'Frightening' driver behaviour caught on camera

Cycling advocate group Spokes says confusion about the new road layout at the site of a fatal cycling crash in Anzac Avenue can be seen in the video above with most drivers not stopping at the new "stop" sign. 


The death of a cyclist and "frightening" behaviour from motorists means changes are afoot for the Anzac Ave and Dunedin Railway Station area.

A new footpath will be built along the front of the Dunedin Railway Station and the New Zealand Transport Agency (NZTA) is still considering closing the Anzac Ave intersection with Castle Street.

The NZTA has been studying the intersection since the death of Dunedin cyclist Peter James Wells (55), who was hit by an empty logging truck there last November.

Lonely road: A cyclist navigates her way through the temporary cones being used to control...
Lonely road: A cyclist navigates her way through the temporary cones being used to control traffic and cyclists at the intersection of Anzac Ave and Castle St. Photo by Dan Hutchinson
Dunedin cycling lobby group Spokes has also taken an interest in the intersection and on Friday last week, spokesman Hank Weiss was out filming the behaviour of road users.

His footage showed most cars were not stopping at the new "stop" sign and a truck approaching the intersection at the same time as a cyclist "eerily similar to last year's fatal crash".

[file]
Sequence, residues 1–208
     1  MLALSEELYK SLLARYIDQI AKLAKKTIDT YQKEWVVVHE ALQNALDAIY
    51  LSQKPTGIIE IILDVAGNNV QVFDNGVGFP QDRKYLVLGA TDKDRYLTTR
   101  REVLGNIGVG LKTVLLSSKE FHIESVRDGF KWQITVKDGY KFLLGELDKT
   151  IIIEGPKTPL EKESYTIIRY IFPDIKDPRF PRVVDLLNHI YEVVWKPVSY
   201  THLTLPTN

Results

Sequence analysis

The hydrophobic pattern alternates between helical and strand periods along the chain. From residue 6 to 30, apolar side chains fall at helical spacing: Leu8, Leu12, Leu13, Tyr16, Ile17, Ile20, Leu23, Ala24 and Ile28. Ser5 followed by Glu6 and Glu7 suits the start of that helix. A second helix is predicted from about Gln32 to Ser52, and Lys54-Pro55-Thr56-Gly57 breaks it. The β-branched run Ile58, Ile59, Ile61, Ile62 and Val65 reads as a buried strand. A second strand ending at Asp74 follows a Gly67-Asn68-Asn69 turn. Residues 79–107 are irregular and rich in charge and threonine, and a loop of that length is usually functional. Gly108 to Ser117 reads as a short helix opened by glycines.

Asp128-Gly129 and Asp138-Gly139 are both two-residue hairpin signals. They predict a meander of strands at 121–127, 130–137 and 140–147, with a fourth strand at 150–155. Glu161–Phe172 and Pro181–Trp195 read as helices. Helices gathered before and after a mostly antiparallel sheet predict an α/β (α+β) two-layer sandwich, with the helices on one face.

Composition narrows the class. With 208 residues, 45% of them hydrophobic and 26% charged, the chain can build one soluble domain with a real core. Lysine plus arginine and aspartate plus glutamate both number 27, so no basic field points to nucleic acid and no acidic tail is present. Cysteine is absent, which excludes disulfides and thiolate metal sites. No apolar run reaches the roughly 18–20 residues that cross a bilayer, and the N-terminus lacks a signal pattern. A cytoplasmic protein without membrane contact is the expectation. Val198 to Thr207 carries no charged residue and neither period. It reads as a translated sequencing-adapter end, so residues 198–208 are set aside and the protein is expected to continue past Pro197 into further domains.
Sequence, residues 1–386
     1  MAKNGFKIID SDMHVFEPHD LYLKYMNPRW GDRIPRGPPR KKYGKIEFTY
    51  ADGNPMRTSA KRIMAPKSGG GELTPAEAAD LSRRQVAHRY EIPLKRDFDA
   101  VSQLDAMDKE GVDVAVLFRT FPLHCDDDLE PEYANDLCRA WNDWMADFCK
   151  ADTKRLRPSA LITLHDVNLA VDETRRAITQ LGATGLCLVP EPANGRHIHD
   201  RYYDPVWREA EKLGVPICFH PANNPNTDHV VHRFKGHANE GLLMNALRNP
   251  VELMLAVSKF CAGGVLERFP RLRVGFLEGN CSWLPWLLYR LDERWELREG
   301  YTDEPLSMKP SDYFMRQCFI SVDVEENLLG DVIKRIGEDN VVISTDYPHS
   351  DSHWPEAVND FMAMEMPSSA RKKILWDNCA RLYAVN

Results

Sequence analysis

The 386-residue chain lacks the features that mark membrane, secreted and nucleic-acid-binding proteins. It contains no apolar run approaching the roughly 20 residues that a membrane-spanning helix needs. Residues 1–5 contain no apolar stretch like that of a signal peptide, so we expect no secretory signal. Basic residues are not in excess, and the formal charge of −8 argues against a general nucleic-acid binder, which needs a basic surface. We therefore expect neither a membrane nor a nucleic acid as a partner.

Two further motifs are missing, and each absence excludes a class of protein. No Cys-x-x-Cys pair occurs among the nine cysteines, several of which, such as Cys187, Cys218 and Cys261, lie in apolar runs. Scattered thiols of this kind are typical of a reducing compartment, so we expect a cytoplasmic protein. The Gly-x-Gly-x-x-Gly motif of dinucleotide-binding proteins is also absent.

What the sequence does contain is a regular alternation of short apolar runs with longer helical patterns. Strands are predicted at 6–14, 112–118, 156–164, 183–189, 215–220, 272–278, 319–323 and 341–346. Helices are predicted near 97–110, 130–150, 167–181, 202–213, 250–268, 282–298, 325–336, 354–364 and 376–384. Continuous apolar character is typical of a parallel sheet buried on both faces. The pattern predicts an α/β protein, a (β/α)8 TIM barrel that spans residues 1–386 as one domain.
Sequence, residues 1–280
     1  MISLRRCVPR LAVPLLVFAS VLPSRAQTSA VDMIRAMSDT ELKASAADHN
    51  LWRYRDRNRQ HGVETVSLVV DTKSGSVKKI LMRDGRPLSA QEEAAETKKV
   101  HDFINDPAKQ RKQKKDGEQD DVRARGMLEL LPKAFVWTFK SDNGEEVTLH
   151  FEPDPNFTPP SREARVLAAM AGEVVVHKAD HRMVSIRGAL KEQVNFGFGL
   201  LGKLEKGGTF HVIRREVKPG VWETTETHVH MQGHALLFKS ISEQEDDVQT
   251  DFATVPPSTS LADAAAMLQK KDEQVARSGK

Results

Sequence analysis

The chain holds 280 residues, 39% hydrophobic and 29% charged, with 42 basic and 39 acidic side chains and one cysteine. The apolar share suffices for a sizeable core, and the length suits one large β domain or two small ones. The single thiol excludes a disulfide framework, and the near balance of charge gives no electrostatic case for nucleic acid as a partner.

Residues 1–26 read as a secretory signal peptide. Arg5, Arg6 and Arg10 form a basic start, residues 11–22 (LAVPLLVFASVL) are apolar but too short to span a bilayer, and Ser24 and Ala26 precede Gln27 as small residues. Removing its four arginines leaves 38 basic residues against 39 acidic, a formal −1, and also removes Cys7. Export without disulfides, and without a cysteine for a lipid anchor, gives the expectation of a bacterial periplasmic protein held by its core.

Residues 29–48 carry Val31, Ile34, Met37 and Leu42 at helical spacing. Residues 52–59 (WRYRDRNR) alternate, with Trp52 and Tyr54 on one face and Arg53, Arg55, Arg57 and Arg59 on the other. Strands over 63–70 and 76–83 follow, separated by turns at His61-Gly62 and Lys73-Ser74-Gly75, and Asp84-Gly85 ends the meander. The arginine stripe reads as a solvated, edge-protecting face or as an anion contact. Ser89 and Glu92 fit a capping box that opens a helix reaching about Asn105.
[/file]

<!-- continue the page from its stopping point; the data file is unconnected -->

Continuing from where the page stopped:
Temporary road cones, some of which had been knocked over last Friday, and the sign were put there by NZTA to make drivers look where they are going and keep an eye out for cyclists.

"If you go to the blog www.spokesdunedin.wordpress.com you will see this truck-cyclist interaction that is pretty frightening, because the traffic doesn't know exactly where to stop," Mr Weiss said.

NZTA Otago-Southland State Highways operations manager Roger Bailey said the temporary layout had been "helpful to some extent", but there were still too many drivers not stopping completely.

"This is compromising cyclists' safety and sometimes causing them to have to swerve sideways into the live traffic lane, to avoid collisions."

He said options for the intersection ranged from turning the end of Anzac Ave into a T-intersection to making it a cul-de-sac, with no exit on to Castle St.

All of the options included a new section of footpath for pedestrians along the front of the railway station garden.

"While there are specific concerns around cyclist safety, we have also identified the need for better footpath facilities around this area," Mr Bailey said.

He said it was "unlikely" there would be any changes needed to the garden, but it could not be ruled out.

The NZTA and the Dunedin City Council were working through the various options and would be ready to consult other interested people and nearby property owners by September.

The actual work should be finished early in 2013, Mr Bailey said.

 

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